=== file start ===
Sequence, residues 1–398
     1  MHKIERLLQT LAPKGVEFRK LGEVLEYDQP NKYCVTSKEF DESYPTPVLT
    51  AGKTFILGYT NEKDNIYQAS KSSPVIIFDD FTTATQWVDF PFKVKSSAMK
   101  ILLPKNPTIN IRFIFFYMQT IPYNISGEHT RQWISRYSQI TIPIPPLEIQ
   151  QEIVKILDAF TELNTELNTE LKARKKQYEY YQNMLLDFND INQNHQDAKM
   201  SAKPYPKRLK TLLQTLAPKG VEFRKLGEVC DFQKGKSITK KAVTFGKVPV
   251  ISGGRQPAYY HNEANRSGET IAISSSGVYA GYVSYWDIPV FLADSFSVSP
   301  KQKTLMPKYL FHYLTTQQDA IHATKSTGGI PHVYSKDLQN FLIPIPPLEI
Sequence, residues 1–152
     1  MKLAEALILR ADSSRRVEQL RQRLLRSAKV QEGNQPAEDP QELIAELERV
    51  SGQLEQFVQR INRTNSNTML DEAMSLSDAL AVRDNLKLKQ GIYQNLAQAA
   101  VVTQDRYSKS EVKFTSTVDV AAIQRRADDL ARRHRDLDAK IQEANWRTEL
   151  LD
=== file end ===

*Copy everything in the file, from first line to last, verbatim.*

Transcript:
Sequence, residues 1–398
     1  MHKIERLLQT LAPKGVEFRK LGEVLEYDQP NKYCVTSKEF DESYPTPVLT
    51  AGKTFILGYT NEKDNIYQAS KSSPVIIFDD FTTATQWVDF PFKVKSSAMK
   101  ILLPKNPTIN IRFIFFYMQT IPYNISGEHT RQWISRYSQI TIPIPPLEIQ
   151  QEIVKILDAF TELNTELNTE LKARKKQYEY YQNMLLDFND INQNHQDAKM
   201  SAKPYPKRLK TLLQTLAPKG VEFRKLGEVC DFQKGKSITK KAVTFGKVPV
   251  ISGGRQPAYY HNEANRSGET IAISSSGVYA GYVSYWDIPV FLADSFSVSP
   301  KQKTLMPKYL FHYLTTQQDA IHATKSTGGI PHVYSKDLQN FLIPIPPLEI
Sequence, residues 1–152
     1  MKLAEALILR ADSSRRVEQL RQRLLRSAKV QEGNQPAEDP QELIAELERV
    51  SGQLEQFVQR INRTNSNTML DEAMSLSDAL AVRDNLKLKQ GIYQNLAQAA
   101  VVTQDRYSKS EVKFTSTVDV AAIQRRADDL ARRHRDLDAK IQEANWRTEL
   151  LD